Brown University Replacing Student Loans with Scholarships

Sarah Ruiz-Grossman, December 8, 2017,  Huffington Post. Brown University announced Thursday that it will no longer provide loans, only grants, in an effort to help students graduate with less debt. Starting in the fall of 2018, all students who receive financial aid from the Ivy League university will receive scholarships, which they don’t have to pay back. The goal is to make the university more affordable and accessible, particularly to middle-income families, said Brown spokesman Brian Clark. The students who will most likely benefit are those who previously may not have qualified for the university’s grants to low-income students from Read More …

Trump Tax Break Could Pay 20,000 Teachers

Ulrich Boser and Abel McDaniels, November 16, 2017, Center for American Progress   Under the tax plan currently before Congress, billionaires like U.S. Secretary of Education Betsy DeVos would save hundreds of millions of dollars. A new analysis by the Center for American Progress Action Fund suggests that the money used to give DeVos and her family just one of these tax breaks would be enough to pay more than 6,000 teachers. Similarly, the money used to give President Donald Trump and his family an enormous tax break would be enough to pay more than 20,000 teachers. CAPAF’s analysis underscores Read More …

All About Eva

The Nation, November 20-27, 2017   What does it mean for parents and their children to be “consumers” of education? The worst fate for a conservative is to be dependent on the state. The worst fate for a liberal is to be without opportunity. These two competing ideologies have informed a century of tinkering within American education. Conservatives have had occasional success chipping away at government spending, as President Trump seems poised to do. But it’s liberals like Success Academy founder and chief executive Eva Moskowitz who have managed a more inspired achievement: They’ve redefined the goals of educational policy. Read More …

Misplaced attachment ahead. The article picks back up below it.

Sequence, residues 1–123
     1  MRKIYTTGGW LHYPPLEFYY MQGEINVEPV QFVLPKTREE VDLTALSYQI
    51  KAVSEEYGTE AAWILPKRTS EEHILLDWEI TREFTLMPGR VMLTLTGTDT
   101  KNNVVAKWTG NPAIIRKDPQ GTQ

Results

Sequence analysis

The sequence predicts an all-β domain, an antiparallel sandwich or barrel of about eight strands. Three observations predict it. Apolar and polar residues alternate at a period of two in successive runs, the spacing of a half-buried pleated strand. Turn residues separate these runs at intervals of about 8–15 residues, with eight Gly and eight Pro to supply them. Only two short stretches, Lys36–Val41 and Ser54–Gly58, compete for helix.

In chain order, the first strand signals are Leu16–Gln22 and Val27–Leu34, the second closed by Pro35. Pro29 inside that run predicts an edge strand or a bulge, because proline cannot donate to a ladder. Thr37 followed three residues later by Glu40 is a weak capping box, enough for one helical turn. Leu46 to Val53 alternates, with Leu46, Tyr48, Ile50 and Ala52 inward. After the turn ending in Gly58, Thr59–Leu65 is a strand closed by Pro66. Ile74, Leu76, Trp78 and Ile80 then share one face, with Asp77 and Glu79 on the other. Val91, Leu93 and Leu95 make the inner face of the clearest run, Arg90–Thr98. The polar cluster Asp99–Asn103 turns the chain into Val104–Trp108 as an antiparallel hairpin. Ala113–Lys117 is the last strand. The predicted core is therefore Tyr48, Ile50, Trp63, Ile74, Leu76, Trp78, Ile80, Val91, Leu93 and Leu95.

The Network for Public Education Releases its Investigative Report on Charter Schools

The Network for Public Education releases Charters and Consequences, a 48 page report that is the result of investigations, visits and interviews over the course of a year. From San Diego, California to Bethlehem, Pennsylvania, NPE learned about the consequences of loosely regulated charter policy and the effects that charters are having on democratically controlled, true public schools. We have concluded that this unregulated, taxpayer-funded business model of education is a fiscal and educational disaster. Whatever the benefits it offers to the few, the overall negative consequences must be addressed. Read Charters and Consequenceshere and cut and paste this link to share it with Read More …

A ’60s Radical Reflects: Richard Ohmann describes two scenarios of what happened in universities and society, then and afterward

Richard Ohmann, November 13, 2017, Inside Higher Education. Activists from my cohort will soon mark 50th anniversaries of events that shook the world in 1968. We will recall, retell, reinterpret, revalue, reflect upon and draw lessons from those famous events, as well as from less famous ones that nonetheless changed alignments and life scripts. One such event for me and other scholars in language and literature was a 1968 uprising within the Modern Language Association. It derailed the stately procedures of that learned society, infused it with rebellious politics and enraged or inspired 30,000 members. For me and others in Read More …